When Celebrate Brooklyn!, the free summer concert series produced by BRIC that takes place in the Prospect Park Bandshell, made an initial announcement of performers to preview its 2021 schedule, the lead was worrying to local music supporters.
Neither of the acts mentioned — singer Ari Lennox and rock band Glass Animals — were New Yorkers. Which, when you consider the hardships that local artists have endured the past 16 months, felt like another example of a city institution’s deaf ear to the people they serve.
Thankfully, the concerns regarding Celebrate Brooklyn!’s lack of hometown boosterism were mostly misplaced. When the full schedule dropped, more than half of all the performers announced were part of the city’s musical fabric. The calendar involves a few fantastic bills stacked with some of New York’s finest contemporary musicians, and others put together specifically to welcome the borough’s various immigrant and international communities to the festivities.
Yet, the programming did bring up an interesting question for organizations such as BRIC and the City Parks Foundation's popular Summerstage, whose events are produced in public spaces overseen by tax dollars, and serve primarily the surrounding communities. Do these organizations have a responsibility to book locally, before they book popularly?
It is a hard one to answer unequivocally, especially in a city as culturally diverse as New York — not simply because of the Big Apple’s deep talent pool, but due to its magnetism and history, which attract musicians from all over the world. There is no arguing the enormous value of bringing well-curated national and international artists to perform in the city’s grand open spaces, especially for free. It is a way to introduce and preserve sounds, to start and continue conversations about modern music’s meaning and direction, especially in one of its contemporary capitals.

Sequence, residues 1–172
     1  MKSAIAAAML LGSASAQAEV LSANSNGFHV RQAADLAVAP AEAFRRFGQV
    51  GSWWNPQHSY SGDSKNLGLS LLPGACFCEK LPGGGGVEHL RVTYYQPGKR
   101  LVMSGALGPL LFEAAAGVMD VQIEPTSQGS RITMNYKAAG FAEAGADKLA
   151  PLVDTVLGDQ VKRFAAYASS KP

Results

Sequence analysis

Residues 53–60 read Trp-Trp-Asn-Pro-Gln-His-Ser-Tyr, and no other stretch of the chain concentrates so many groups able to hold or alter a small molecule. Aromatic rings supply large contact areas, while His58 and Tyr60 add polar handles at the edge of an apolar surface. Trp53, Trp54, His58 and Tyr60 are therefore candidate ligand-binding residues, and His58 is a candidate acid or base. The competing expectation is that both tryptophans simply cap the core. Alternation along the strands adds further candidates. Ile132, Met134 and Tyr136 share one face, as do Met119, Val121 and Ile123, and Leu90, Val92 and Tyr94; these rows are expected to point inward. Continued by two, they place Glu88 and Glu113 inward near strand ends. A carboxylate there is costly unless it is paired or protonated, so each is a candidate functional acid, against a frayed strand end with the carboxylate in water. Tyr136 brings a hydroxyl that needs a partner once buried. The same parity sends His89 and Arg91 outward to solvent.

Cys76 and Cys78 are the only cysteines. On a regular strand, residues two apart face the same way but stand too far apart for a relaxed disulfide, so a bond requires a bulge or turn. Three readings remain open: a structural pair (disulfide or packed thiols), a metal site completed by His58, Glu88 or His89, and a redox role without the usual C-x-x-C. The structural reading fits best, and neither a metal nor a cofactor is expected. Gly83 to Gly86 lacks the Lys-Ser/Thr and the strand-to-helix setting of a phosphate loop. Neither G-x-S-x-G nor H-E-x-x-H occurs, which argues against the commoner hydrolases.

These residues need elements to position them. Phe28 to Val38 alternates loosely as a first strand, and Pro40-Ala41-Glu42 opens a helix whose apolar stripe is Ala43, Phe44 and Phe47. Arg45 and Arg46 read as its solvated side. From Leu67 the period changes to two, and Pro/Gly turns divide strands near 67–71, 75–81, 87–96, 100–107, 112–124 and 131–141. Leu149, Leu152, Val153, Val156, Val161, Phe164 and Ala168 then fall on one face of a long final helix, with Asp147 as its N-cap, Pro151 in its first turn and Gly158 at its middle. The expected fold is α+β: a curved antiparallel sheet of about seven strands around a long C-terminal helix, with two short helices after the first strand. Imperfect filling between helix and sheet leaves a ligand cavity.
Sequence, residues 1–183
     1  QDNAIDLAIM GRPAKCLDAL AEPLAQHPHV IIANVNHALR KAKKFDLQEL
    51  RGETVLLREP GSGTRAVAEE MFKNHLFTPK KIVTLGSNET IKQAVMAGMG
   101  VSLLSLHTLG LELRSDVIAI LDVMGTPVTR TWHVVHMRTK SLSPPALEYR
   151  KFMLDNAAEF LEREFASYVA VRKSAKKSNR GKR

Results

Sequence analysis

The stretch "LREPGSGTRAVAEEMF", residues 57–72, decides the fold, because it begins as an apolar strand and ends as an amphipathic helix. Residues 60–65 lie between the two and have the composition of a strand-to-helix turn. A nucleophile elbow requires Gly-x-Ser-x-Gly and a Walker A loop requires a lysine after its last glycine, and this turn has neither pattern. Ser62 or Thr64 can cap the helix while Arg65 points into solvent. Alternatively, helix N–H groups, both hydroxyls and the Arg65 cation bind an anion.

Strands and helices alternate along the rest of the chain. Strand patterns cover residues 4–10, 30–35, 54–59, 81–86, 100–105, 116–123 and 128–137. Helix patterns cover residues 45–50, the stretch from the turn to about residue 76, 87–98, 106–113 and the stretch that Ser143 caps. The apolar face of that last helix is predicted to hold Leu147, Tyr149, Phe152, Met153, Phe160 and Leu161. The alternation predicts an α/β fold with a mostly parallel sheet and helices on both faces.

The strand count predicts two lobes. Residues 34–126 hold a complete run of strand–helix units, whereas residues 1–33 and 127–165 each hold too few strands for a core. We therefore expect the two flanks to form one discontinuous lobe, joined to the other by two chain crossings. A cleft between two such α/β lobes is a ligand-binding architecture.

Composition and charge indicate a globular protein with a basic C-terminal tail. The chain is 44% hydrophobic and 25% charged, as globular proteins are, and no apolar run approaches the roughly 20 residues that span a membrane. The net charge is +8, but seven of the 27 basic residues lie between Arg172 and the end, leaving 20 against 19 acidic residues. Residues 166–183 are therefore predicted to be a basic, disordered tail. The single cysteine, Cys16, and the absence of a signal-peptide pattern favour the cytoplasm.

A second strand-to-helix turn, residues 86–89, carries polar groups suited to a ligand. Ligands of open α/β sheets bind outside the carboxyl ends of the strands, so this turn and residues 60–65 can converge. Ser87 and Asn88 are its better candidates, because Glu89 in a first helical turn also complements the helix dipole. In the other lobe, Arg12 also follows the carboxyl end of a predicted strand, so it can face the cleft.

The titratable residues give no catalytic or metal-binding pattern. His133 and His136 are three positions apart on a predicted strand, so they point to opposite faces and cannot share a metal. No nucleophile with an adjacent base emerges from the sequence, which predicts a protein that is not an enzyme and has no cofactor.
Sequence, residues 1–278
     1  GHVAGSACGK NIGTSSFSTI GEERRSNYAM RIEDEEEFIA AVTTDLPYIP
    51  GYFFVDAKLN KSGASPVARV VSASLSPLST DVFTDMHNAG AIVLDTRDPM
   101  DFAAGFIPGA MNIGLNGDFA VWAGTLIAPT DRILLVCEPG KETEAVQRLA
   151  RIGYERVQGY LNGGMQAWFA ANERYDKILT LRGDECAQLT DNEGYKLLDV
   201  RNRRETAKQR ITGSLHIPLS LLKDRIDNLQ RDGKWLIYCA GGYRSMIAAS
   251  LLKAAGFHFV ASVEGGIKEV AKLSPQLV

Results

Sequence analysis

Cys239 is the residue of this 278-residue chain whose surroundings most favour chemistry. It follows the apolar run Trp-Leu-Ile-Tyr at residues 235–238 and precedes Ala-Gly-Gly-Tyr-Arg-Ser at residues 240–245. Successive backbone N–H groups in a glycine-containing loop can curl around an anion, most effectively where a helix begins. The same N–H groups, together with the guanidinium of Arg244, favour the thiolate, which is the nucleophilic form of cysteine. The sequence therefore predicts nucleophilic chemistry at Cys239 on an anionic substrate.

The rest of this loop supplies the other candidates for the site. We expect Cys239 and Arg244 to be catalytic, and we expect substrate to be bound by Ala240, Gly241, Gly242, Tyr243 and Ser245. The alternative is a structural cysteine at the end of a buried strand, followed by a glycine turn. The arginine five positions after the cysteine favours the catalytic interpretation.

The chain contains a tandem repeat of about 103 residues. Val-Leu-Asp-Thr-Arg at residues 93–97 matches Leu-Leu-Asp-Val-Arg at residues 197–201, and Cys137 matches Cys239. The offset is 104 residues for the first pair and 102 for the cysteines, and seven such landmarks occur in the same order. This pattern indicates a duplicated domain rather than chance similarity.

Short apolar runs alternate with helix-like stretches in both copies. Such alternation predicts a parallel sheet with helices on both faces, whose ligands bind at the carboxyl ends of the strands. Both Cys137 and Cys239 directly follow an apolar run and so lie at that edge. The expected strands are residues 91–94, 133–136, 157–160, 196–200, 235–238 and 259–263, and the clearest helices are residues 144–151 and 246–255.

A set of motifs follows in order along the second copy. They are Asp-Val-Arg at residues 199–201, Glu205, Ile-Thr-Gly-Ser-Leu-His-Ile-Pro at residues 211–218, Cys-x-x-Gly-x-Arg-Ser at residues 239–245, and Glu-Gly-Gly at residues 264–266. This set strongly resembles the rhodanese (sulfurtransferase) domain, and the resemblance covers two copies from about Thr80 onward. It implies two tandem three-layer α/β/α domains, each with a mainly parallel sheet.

Yet New York (and especially Brooklyn) is also defined by homegrown culture, because what happens here becomes global. Regularly! The argument about creating bigger stages for local musicians isn't just about nearsighted programming that might keep the richness of other cultures out, impeding the exchange that makes the artistic world go round. It is an argument publicizing the city's cultural wealth.
In this moment of needing to pay special heed in taking care of our own, but also staying open to global cultural evolutions, finding a balance between the two is just as crucial as understand how social circumstances need to impact the programming.
So go enjoy all the great artists that Celebrate Brooklyn! brings in from around the world, as recognition that Brooklyn is an integral part of that world. But remember that one main reason all those artists wanna play here, is because of the great creators who already are home here. Remember to enjoy them too, and to keep demanding that our cultural institutions put them on!
OUR PICKS FOR THIS WEEK: 6/11- 6/17
Singer Sweet Megg Farrell and saxophonist/clarinetist Ricky Alexander are fine purveyors of the hot jazz sound of New Orleans and pre-war Paris, wonderfully obsessing over Tin Pan Alley songwriting and ensemble swing. This Friday, they celebrate the release of their new album, I’m In Love Again, with a show at Littlefield in Gowanus. (635 Sackett Street, 7 pm, $12)